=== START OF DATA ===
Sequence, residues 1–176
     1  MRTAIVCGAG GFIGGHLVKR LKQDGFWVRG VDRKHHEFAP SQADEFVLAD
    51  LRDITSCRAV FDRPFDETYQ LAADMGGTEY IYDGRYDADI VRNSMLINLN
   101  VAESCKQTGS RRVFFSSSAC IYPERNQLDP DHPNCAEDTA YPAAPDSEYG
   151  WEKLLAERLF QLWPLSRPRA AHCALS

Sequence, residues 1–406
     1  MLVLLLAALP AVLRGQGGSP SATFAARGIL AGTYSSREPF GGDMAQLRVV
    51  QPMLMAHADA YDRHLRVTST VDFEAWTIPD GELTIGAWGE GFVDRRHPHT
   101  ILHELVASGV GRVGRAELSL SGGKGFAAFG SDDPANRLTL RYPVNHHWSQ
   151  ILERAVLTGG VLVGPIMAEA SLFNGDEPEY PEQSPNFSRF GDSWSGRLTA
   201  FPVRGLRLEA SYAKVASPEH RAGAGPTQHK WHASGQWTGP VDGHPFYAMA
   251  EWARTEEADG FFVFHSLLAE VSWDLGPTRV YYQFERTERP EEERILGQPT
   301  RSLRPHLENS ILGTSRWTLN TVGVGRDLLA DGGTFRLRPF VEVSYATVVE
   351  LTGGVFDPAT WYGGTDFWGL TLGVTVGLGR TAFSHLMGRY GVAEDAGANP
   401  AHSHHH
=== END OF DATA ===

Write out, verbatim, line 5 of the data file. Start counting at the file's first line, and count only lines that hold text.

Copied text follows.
   151  WEKLLAERLF QLWPLSRPRA AHCALS